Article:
A Friend of Her Parents

A short story by Alice Duer Miller.

A woman speaks to her mother.
She looked down from vast heights upon her mother, who had been a greater beauty than Clarita would ever be.
Illustration by May Wilson Preston

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Alice Duer Miller (July 28, 1874 – August 22, 1942) was an author, poet, and screenwriter. She is notable for, among other things, having published a collection of satirical poems, Are Women People? The title became a catchphrase for the women’s suffrage movement (she subsequently published a collection called Women are People!). This short story immerses the reader into the romantic escapades of Clarita’s parents. Or does it?

Read “A Friend of Her Parents” by Alice Duer Miller [PDF].


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  1. Good ideas, Thomas, but doubtful if they’ll fall on listening ears. I think Saturday Evening Post is a mashup of 90s-style wellness articles and reprints from the 1940’s. No new fiction here.

  2. Thank you, Mr. Waltz, for your reply. I could list these authors — there are some, not many, but a definite group underrepresented and at times even outcast from the current literary “establishment,” writers whose style and feel is closer to these antique reprints you have here in the Post than the silliness, crudity and often dumbed-down awfulness that is reigning unchallenged in the literary journals and magazines of the university elite.

    But would it be even worth our time to discuss such a list here? Would these authors be welcome on your pages? What about the Saturday Evening Post magazine itself — where are those editors? Are they not on these comment boards, reading and engaging with readers? Do they have any interest in soliciting new talent? By the submission guidelines published by the Post, I think not: they state clearly that the Post “rarely” buys new fiction — and when it does, it cannot exceed “flash” length (1000-2000 words).

    There had been talk some time back that the Post was going to reinvent itself again. I among others had hoped that it would become something like it used to be, in its heyday — with good relevant fiction and poetry and articles that spoke to everyday Americans. And now in the 21st century it could reinvent itself by launching as a web site, since even in doctor’s offices everybody has an iPad or a phone or Kindle or portable reader or internet device now. I would love to read a magazine that had the class and values of the classic Saturday Evening Post but that encouraged current writers who shared those ideals in order to guide the culture. Are the editors reading the slush and looking for new work that fits this mold? Are they really out there trying to do something big? It appears that the Post does not want to encourage, spotlight or celebrate new writers, and that’s a shame.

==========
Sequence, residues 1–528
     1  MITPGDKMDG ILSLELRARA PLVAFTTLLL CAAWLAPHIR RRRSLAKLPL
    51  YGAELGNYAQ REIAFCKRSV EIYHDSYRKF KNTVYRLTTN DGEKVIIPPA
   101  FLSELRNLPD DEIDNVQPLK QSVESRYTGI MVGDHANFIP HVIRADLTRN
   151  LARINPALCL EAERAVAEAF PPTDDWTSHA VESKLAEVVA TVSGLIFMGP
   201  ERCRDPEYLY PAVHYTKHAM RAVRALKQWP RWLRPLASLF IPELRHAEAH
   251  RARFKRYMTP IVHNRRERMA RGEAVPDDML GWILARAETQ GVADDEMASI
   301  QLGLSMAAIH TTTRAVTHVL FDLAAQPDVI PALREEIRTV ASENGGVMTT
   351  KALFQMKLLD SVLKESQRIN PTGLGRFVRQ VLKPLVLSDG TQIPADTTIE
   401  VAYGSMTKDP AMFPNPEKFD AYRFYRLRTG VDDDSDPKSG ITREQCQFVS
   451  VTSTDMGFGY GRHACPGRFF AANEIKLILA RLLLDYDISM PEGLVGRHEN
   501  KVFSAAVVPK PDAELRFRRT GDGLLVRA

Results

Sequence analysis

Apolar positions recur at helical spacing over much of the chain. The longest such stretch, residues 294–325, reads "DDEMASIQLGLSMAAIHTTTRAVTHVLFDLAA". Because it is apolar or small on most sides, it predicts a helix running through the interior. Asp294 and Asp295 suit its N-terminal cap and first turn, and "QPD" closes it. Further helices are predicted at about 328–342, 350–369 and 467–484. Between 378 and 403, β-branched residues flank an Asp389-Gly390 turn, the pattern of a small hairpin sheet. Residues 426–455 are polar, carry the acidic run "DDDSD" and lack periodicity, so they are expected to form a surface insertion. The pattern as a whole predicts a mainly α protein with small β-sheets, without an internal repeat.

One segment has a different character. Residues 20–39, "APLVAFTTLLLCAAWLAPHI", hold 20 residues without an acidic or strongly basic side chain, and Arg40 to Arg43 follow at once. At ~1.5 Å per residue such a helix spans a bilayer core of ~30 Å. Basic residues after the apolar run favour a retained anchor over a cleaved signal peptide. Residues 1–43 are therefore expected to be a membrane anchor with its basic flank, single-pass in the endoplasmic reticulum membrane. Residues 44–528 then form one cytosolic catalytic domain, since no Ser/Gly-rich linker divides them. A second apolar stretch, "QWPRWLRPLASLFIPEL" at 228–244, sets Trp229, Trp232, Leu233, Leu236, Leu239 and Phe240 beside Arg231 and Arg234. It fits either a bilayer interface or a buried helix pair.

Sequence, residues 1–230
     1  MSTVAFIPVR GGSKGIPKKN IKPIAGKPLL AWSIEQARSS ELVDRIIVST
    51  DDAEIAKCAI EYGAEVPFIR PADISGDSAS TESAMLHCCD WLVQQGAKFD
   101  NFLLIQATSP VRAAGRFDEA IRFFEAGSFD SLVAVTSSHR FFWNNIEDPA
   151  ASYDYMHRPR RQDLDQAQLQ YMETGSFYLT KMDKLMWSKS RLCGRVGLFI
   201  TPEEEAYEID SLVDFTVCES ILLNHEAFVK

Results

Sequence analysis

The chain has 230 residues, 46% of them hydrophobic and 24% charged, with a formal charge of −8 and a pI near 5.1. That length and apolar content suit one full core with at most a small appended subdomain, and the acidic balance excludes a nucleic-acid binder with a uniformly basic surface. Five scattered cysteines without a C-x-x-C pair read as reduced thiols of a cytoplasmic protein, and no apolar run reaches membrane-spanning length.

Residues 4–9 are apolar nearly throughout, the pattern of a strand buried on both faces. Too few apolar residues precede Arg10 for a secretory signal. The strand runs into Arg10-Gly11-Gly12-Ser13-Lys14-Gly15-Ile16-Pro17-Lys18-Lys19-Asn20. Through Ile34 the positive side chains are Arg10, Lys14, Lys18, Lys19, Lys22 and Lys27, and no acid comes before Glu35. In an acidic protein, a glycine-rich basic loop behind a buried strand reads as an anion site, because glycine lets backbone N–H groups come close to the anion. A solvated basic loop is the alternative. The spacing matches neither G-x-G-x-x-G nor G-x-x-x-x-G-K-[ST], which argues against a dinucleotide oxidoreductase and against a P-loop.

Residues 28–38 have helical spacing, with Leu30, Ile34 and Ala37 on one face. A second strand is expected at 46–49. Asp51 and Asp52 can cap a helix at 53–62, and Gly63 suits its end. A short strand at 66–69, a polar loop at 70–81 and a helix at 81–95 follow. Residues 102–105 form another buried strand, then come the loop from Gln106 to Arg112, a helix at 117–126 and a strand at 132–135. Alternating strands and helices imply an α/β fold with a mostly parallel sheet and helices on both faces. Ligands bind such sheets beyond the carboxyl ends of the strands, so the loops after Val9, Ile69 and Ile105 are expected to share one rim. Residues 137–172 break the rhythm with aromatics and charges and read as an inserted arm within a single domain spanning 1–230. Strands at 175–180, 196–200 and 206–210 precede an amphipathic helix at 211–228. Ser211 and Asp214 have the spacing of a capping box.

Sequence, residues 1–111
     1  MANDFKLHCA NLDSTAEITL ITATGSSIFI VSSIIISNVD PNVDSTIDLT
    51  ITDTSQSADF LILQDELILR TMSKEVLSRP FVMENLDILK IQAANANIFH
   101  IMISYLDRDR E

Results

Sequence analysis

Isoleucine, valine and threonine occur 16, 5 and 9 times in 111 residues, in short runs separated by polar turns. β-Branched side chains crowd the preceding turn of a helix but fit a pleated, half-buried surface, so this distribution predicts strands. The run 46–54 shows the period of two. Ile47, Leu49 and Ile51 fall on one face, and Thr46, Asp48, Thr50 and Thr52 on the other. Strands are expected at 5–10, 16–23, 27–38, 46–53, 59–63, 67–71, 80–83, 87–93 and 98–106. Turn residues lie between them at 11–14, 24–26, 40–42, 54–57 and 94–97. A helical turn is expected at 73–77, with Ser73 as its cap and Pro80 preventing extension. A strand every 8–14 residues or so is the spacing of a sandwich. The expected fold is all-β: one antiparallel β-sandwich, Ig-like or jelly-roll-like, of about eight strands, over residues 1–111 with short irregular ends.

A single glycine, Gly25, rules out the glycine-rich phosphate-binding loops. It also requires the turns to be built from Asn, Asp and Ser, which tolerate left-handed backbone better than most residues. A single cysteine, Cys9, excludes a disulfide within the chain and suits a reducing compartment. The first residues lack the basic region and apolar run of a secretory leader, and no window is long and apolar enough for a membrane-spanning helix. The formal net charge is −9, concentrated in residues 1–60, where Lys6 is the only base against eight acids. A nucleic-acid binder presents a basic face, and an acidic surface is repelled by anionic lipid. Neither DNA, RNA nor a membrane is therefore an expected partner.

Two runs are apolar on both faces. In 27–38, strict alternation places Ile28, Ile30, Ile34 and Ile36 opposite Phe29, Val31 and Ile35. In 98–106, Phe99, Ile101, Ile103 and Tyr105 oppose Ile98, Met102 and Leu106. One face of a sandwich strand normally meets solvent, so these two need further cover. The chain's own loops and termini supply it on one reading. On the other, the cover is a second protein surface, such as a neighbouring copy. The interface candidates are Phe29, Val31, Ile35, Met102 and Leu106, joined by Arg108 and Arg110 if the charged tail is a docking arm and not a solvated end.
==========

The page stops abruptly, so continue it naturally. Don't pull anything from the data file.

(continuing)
3. To clarify, I decide what short stories are republished on the website.

    Mr. Cantwell, I whole-heartedly agree. I want to celebrate the modern authors who emulate the style of, for example, Alice Duer Miller. Which modern authors would you recommend be featured in the Post?

  4. I love these old stories. Many are classics. Some are not, but they are exactly the kind of style you don’t see in any other magazine today. Everyone is talking about the ‘death of fiction’ and I believe the main reason is that today’s magazine editors don’t encourage good writing and excellent stories. Even the ‘tiny’ journals have this problem–none are popular because none have anything worth reading.

    But I also have a problem with the Post. It’s nice you keep us nostalgic with Norman Rockwell covers and Booth Tarkington reprints, but if you want to be relevant, and popular, and part of the culture (and actually GUIDING that culture instead of following it), shouldn’t you be soliciting new work? Not all artists and writers are working in the current decadent mold. There are writers out there who are crafting the same quality stories as once popular two or three generations back. There are fine artists. All are a hidden minority, yes, but shouldn’t it be the job of the Post to encourage, spotlight, and CELEBRATE that minority? Then you would be relevant.

  5. Enjoyed the charming, “old fashioned” manner in which the story unfolded. Though Alice Duer Miller’s plot was hardly intricate, the character analysis was rewarding This author fulfills the writer’s prime directive. She tells a good tale.

  6. My poetry teacher recently shared with us some excerpts from “The White Cliffs,” a book by Alice Miller published in 1941. I thought Miller was commenting on
    social dfferences between Americans and Britains from the standpoint of a British citizen. Then I researched the author to find that I was wrong. This wonderful poet and novelist had lived in England prior to my arrival there in 1950 as the wife of an Air Force officer who had served in WWII and been recalled during the Korean conflict. Alice Miller was simply demonstrating her expertise in communicating someone else’s opinions and social mores.


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